Will is an inherently risky ability. You convert all of your spell points into temporary hit points. Once your will power runs out, you return to 1 hit point, unless you didn’t lose many of your temporary hit points. You now get tell-tale warning messages before your willpower runs out too. For most players, this is a panic button – when bashing, you should go into will mode before doing something drastic like quitting out. For fighters without much to lose with a stable connection and a good knowledge of where the safest areas are, it’s a pretty useful ability to help when soloing. Just be aware that even in the safest seeming areas, a loose feral wolf could still wander in and finish you off. Also, never will when you’re poisoned.


A fighter is good in all skills, and generally raises every skill faster than any other class. The exceptions would be marksmanship (rangers and maybe freedom fighters are faster), and maybe unarmed (shapeshifters). A levelling fighter should choose 2 or 3 skills to raise, as it gives them more flexibility when playing, and also it’s a lot easier to get 3 skills to 70 than 1 to 100, and there isn’t a huge difference between having 100 or 70 skill in something.

As a fighter, you can raise all the tough skills relatively fast, so your best policy is to go for those. Pick at first club, two handed axe/sword or longsword. When you’re higher level with time on your hands, branch out to two weapon, exotic and all the other smaller skills that you’ll require to raise two weapon.


As a consequence of the fighter’s exclusive dependence on physical damage, and disarm’s high dependence on dexterity, dexterity and strength are easily the most important stats for a fighter. Taking humans as the standard, orcs get the same strength, 1 more dex and 1 more constitution, while dwarves get 1 more strength, 1 less dex and 2 more constitution. Though perhaps once upon a time dwarf would have been the best for raw damage, with the advent of the two weapon skill, in my opinion the orc is now the undisputed fighter when it comes to dishing out damage. To boot, it also comes with high dexterity to disarm better. Dwarves are still perfectly viable, however.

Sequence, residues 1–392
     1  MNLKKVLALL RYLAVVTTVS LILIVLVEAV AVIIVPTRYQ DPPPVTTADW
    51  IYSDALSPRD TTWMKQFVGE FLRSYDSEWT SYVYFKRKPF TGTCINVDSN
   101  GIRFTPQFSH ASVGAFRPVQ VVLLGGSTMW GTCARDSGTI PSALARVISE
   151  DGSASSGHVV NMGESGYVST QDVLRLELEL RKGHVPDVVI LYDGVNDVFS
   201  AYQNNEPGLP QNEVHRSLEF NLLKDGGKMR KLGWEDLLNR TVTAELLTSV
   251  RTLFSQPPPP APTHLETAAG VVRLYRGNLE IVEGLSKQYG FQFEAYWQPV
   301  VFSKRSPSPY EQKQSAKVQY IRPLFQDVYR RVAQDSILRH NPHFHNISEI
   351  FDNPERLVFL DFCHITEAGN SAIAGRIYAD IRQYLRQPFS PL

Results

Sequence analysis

On the other end of the spectrum is the half-elf. If your goal was to get as many skills as quickly as possible, this would be the race for you. Half elves at 16 strength can wield (almost) all the top end weapons, and have the highest int + wis combination of all the races, thereby letting them wield whatever they like, and skill insanely fast. However they obviously will do less damage than dwarves, humans and orcs.

Elvish fighters are often argued as the best fighters, due to 2 factors: their highest dexterity, and the Elvenheart unique. I think this is garbage – though an elvish fighter with Elvenheart gets 19 strength and 17 dex (1 more strength and 1 more dex than an orcish fighter), therefore probably dealing the most damage of any fighter, that all rides on having Elvenheart. Having the viability of your entire character ride on one unique is pretty pathetic. Without it, an elf has 3 less strength than an orc for 1 more dex – which means a huge list of good weapons are unavailable to you – Shadow sword, one handed outstanding sword, crystal blade, awesome scythe, etc etc. As such, elves are good for trying out Elvenheart, and that’s about it.

Once again, humans are the happy medium – they do average damage, skill fairly fast, can wield almost everything, don’t get auto-attacked due to their race in any area, etc.

Levelling Your First Fighter

Fighters are easy to get off the ground, but much harder for newer players to go all the way to level 19 with, when soloing, due to their fragility at the high levels.

Level 1-5: pick a easy to hit with, useful later weapon – rapier, club, polearm or axe, get the easiest one, Zhou it up to 15 using berserk, and Zhou it from 15 again – you should get about 20-25 at the end of this session.